Absence of vaccination? Americans support strict laws and obfuscating demands that defend the general good.
As a fourth wave of the coronavirus spreads, Americans overwhelmingly believe that protecting the common good is more essential than preserving personal liberty when deciding whether to mandate people to receive a COVID-19 vaccination or wear a protective mask.
Mask mandates were deemed “a issue of health and safety” by an overwhelming 72 percent -28 percent of those surveyed by USA TODAY and Ipsos, not an infringement on personal autonomy. They approved mandatory vaccines except for those with a medical or religious exemption by a margin of 61 percent to 39 percent.
“I believe that everyone should have the right to make their own choices as long as they do not cause harm to another,” said Donna Sharp, 54, of Wynne, Arkansas, a caregiver who was among those contacted in the poll. “However, in this case, with the vaccination, you are indirectly harming other people if you do not get it and spread it.”
However, this attitude is not widespread. Nearly 1 in 5 respondents claimed they have not received a COVID-19 vaccination and have no plans to do so in the near future, highlighting the difficult terrain ahead as the number of cases identified and deaths documented increases, particularly in places with poor vaccination rates.
“I believe the mandates and obligations violate our rights as United States citizens,” said Carlie Wright, 30, a stay-at-home mother of two sons from Logan, Utah, who has opted out of vaccinations and wearing masks. “Government should not have the power to direct our lives and tell us what we can and cannot do.”
By a margin of more than 2-1, 70% -30%, Americans agreed that while individuals had the choice to choose not to receive the vaccine, they do not have the right to be around the vaccinated. There was widespread support for businesses, employers, institutions, restaurants, and airlines to prohibit people who had not had the shot from operating.
The COVID culture war: At what point should individual liberty be sacrificed for the greater good?
Both practical and philosophical aspects
This argument is resonating across the country as schools prepare to reopen in the coming weeks and businesses seek to rehire staff who worked remotely during the pandemic. The Biden administration threatened last week to withhold federal funds from nursing homes that do not require staff vaccinations. In Texas and Florida, some school districts have battled with governors over the ability to enforce masks.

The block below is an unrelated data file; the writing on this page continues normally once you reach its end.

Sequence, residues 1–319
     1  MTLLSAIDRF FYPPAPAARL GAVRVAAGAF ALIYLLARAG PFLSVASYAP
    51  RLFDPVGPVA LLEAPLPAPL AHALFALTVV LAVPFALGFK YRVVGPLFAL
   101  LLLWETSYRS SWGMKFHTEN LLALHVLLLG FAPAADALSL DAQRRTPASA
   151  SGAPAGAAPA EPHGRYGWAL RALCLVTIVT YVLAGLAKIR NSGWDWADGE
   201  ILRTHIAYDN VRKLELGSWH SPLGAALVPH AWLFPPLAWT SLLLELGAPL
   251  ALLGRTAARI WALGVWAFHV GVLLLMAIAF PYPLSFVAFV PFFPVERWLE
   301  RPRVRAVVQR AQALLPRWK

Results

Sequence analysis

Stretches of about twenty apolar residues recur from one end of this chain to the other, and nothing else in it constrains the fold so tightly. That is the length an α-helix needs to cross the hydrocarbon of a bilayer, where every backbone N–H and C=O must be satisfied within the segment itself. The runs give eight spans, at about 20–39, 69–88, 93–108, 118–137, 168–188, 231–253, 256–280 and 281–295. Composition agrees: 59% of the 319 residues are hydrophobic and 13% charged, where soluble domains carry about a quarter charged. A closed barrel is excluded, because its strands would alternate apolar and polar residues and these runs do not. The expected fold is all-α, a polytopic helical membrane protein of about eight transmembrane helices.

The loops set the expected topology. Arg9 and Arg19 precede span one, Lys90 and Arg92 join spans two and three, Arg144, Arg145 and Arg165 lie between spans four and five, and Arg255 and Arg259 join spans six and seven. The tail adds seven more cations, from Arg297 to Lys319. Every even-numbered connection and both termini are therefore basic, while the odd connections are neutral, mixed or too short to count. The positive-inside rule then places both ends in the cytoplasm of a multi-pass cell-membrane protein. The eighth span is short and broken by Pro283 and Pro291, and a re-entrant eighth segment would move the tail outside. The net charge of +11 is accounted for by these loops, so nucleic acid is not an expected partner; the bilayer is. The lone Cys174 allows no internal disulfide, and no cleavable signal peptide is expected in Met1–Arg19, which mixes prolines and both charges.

The poll revealed widespread support for punitive measures against persons who were eligible for the vaccine but chose not to receive it:
66 percent favored requiring masks by state and municipal governments.
Employers requiring vaccinations was supported by 62% of respondents.
68 percent backed businesses refusing to serve unvaccinated customers.
65 percent supported a ban on unvaccinated individuals traveling by airline or public transportation.
65 percent of respondents favored sporting events and concerts that were not open to the unvaccinated.
71% believed institutions were within their rights to compel students to be vaccinated prior to returning to campus.
“It’s a tight line, but there comes a moment when a person’s freedoms are forfeit,” said Michael Tricarico, 50, a Brooklyn transit system employee. “The common good outweighs the special interests of a few.”
His own workplace has been impacted by the aftermath. This month, outgoing New York Governor Andrew Cuomo issued an order requiring all MTA and Port Authority employees to be vaccinated by Labor Day or face weekly coronavirus testing.